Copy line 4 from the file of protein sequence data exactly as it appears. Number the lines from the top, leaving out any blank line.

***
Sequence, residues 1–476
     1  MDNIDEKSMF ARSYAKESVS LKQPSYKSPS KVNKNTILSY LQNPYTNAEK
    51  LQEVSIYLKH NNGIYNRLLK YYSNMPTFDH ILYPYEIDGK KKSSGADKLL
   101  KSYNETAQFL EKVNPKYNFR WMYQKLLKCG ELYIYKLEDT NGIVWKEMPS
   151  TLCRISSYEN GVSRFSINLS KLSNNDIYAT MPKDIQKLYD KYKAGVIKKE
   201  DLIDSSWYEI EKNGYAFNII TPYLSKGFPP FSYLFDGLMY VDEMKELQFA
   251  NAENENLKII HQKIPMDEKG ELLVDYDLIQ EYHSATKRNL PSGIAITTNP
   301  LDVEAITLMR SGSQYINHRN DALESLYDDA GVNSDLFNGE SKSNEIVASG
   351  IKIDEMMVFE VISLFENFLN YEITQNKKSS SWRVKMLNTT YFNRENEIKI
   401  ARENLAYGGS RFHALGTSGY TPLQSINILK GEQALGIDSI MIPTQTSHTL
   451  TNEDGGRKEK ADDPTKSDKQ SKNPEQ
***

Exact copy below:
   101  KSYNETAQFL EKVNPKYNFR WMYQKLLKCG ELYIYKLEDT NGIVWKEMPS